Moreover, the past self was defined as ‘the self in middle high school.’ Therefore, in the past-self condition our subjects were asked to ‘mentally move’ to the time when they attended middle high school. As our subjects were about 24 years old, such ‘past self’ seemed to be well-defined and appropriate for investigation of the self across time (D’Argembeau et al. 2008, 2010; Kotlewska and Nowicka 2016).

Before the experimental MRI session, each subject took part in a training session in a mock MRI scanner situated in the Laboratory of Brain Imaging. The training session was performed between 1 week and 1 day prior the experimental session. During the training session shorter stimuli sets were used, with different stimuli sequences and different assignment of adjectives lists to experimental conditions. The training session aimed at familiarizing ASD subjects with the MRI environment. Control subjects underwent the same training procedure in order to equalize the experimental experience of both groups.

fMRI Data Analysis

Statistical Parametric Mapping (SPM12b, Wellcome Trust Center for Neuroimaging, London, UK) running on MATLAB R2013b (The Math-Works Inc. Natick, MA, USA) was used for data preprocessing and statistical analyses. First, functional images were motion corrected (head movements were < 4 mm in all cases, with no significant differences in movements between groups). Then, structural images from single subjects were co-registered to the mean functional image. The functional images were normalized to MNI space using compositions of flow fields and group-specific template to a 2 mm isotropic voxel size. Finally, the normalized functional images were smoothed with 6 mm isotropic Gaussian kernel.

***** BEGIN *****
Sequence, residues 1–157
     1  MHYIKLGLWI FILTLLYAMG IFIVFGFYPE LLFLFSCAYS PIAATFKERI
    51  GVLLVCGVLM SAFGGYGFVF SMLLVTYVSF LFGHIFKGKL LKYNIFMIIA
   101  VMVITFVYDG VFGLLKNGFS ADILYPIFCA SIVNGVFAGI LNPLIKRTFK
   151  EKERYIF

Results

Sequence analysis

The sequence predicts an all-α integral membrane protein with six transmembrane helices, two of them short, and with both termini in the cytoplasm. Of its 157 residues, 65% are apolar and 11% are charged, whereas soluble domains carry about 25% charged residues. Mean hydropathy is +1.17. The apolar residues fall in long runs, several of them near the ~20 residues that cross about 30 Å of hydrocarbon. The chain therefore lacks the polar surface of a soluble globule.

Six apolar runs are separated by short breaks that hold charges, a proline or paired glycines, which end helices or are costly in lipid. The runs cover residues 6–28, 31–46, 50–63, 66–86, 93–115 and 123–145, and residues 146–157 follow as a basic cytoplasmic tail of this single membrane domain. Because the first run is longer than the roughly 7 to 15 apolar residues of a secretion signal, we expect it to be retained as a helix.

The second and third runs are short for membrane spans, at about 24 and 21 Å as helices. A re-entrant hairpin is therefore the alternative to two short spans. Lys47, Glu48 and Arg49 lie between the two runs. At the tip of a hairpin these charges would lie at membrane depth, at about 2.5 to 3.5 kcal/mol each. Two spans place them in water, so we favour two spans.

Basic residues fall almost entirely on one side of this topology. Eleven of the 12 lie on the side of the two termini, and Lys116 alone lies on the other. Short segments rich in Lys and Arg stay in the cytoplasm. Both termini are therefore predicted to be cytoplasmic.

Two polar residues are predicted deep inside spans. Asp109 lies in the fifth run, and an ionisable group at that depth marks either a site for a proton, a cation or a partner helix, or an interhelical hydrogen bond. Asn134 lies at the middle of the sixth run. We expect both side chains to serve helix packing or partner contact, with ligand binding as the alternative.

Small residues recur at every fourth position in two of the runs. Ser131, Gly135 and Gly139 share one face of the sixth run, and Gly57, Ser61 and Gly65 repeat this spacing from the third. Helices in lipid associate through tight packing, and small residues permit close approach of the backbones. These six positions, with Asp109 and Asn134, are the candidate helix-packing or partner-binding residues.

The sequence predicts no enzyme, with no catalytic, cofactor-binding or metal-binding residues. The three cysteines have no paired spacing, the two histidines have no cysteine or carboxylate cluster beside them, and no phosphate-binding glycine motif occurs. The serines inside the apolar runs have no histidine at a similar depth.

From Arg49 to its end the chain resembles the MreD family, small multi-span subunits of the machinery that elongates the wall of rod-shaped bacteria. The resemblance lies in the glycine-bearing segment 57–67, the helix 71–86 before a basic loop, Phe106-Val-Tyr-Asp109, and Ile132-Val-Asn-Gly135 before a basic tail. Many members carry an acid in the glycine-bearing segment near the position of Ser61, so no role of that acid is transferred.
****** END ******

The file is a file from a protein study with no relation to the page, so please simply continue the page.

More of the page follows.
In the first-level of statistical analysis, all experimental conditions and head movement (translation and rotation) parameters were entered into the design matrix. The data were modeled for each of the three experimental fMRI runs and using the canonical hemodynamic response function convolved with the experimental conditions (present-self, past-self, close-other). The model included only the events that were positively categorized (i.e. ‘yes’ responses were given) to a relevant experimental condition separately by each subject.

The following single t-tests were computed at 1st level (within subject): present-self, past-self, and close-other. In the 2nd level (between subject) analysis, a flexible factorial design was used with intergroup factor ASD vs. control and within group factor ‘condition’ (present-self vs. past-self vs. close-other). Additionally, for the all-subject analysis (ASD + TD) a full factorial design was used for statistical calculation of the within-group factor ‘condition’: present-self—fix (fixation cross) vs. past-self—fix vs. close-other—fix.

On a group level a voxel-wise height threshold of P < 0.001 (uncorrected) combined with a cluster-level extent threshold of P < 0.05 (cluster size > 30 voxels; corrected for multiple comparisons using the family wise error (FWE) rate) was employed for whole brain analyses.

MNI coordinates were translated to Talairach space using GingerALE software ( TalairachClient 2.4.2 was then used to identify the activated structures (Lancaster et al. 2000;